Chemical transmission

We must now consider the question, how does excitation in the presynaptic cell produce a response in the postsynaptic cell? One possibility, first suggested in the nineteenth century, is that the presynaptic cell might release a chemical substance which would then act as a messenger between the two cells.

Fig. 7.2. Electron micrograph showing the structure of the frog neuro-muscular junction. The axon terminal (A) runs diagonally across the middle of the section, covered by a Schwann cell (S) and collagen fibres (Co), and overlying a muscle cell (Mu). Between the axon and the muscle cell is the synaptic cleft (C). The acetylcholine receptors are concentrated at the top of a series of folds (F) in the subsynaptic membrane. The terminal contains mitochondria (Mi) and large numbers of synaptic vesicles (V). Vesicle release probably occurs at presynaptic active zones (Z). Magnification 27000 x. Photograph supplied by Professor J. E. Heuser.

Fig. 7.2. Electron micrograph showing the structure of the frog neuro-muscular junction. The axon terminal (A) runs diagonally across the middle of the section, covered by a Schwann cell (S) and collagen fibres (Co), and overlying a muscle cell (Mu). Between the axon and the muscle cell is the synaptic cleft (C). The acetylcholine receptors are concentrated at the top of a series of folds (F) in the subsynaptic membrane. The terminal contains mitochondria (Mi) and large numbers of synaptic vesicles (V). Vesicle release probably occurs at presynaptic active zones (Z). Magnification 27000 x. Photograph supplied by Professor J. E. Heuser.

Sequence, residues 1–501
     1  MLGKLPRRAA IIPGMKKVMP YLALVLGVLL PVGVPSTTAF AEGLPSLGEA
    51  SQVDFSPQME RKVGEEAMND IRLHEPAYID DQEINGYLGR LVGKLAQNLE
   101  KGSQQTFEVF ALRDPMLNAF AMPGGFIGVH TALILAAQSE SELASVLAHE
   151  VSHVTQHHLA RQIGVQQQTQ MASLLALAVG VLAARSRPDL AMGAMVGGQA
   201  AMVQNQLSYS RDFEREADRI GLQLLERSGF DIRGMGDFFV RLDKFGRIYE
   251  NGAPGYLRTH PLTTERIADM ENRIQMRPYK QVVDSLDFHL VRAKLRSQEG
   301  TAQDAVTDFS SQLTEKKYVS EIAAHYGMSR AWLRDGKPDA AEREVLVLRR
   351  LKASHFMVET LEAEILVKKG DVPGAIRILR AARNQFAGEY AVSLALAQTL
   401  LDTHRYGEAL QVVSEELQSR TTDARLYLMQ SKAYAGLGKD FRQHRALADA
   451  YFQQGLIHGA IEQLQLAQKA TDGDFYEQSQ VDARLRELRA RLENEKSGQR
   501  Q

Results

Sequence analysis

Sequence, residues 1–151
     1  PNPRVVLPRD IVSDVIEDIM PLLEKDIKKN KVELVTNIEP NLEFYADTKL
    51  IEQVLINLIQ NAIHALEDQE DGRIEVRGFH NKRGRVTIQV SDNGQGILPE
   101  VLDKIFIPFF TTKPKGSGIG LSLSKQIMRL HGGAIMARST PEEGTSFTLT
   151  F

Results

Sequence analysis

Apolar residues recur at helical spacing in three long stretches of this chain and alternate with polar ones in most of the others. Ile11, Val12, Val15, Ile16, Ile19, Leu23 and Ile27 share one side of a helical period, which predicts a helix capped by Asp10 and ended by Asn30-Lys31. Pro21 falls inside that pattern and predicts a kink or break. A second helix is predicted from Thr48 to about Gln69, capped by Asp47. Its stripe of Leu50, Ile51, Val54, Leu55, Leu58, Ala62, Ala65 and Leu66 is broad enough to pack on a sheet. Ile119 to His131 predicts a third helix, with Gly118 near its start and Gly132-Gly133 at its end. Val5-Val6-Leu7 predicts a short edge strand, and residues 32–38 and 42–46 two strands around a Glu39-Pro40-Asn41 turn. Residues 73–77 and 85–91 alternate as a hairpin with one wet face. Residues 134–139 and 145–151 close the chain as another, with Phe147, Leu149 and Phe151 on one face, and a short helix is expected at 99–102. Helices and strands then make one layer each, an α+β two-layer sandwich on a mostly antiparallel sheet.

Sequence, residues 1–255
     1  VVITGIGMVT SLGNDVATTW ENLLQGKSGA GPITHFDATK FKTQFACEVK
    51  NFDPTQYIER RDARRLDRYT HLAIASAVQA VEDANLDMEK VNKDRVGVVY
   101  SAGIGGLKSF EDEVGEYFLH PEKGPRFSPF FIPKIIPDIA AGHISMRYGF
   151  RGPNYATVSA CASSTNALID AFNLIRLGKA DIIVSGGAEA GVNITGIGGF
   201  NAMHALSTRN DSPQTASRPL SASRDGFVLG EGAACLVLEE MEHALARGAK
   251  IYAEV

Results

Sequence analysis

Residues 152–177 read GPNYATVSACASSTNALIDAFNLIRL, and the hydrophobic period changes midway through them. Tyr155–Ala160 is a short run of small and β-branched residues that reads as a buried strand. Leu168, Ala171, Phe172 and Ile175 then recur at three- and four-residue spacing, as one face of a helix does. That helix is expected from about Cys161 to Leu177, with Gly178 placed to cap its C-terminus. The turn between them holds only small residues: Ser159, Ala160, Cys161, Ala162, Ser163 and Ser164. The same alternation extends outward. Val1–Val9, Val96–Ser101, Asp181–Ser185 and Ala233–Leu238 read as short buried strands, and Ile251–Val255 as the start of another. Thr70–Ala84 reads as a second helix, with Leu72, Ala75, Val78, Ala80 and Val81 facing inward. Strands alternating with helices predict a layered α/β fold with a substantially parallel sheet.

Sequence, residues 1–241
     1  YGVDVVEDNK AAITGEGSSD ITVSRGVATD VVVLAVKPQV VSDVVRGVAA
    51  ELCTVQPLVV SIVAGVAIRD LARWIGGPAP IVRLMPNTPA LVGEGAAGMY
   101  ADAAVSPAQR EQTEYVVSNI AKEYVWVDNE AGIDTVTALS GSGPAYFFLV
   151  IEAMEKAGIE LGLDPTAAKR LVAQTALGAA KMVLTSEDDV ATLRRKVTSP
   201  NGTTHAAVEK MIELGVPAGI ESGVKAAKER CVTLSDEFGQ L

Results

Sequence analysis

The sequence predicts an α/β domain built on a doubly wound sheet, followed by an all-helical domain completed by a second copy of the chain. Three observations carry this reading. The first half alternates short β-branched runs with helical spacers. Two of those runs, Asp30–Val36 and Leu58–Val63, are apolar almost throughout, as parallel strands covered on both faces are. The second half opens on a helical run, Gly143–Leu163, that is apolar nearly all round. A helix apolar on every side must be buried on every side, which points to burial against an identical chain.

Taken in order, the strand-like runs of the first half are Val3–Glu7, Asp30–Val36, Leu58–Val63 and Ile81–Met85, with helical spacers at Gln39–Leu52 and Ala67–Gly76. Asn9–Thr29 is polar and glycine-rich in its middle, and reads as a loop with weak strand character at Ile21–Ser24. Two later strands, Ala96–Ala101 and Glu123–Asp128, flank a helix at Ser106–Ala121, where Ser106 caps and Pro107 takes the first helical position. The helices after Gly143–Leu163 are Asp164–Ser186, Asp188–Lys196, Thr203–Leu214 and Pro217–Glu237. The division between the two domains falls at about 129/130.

An experiment to test this idea for the frog heart was carried out by O. Loewi in 1921. The heart normally beats spontaneously, but it can be inhibited by stimulation of the vagus nerve. Loewi found that the perfusion fluid from a heart which was inhibited by stimulation of the vagus would itself reduce the amplitude of the normal beat in the absence of vagal stimulation. Perfusion fluid from a heart beating normally did not have this effect. This means that stimulation of the vagus results in the release of a chemical substance, presumably from the nerve endings.

It did not take too long to show that the chemical substance was acetyl-choline (Fig. 8.1), a substance whose pharmacological action had previously been demonstrated by H. H. Dale. Dale and his colleagues then went on to show that acetylcholine was released from the motor nerve endings in skeletal muscle when the motor nerves were stimulated electrically.

Muscle fibre

Fig. 7.3. Diagram to show how the end-plate potential is recorded from a frog muscle fibre using an intracellular microelectrode.

Muscle fibre

Fig. 7.3. Diagram to show how the end-plate potential is recorded from a frog muscle fibre using an intracellular microelectrode.

It seems then that synaptic transmission is in most cases a chemically mediated process involving the release of a transmitter substance from the presynap-tic terminals. As we shall see later, acetylcholine is an important transmitter substance, but it is not the only one.

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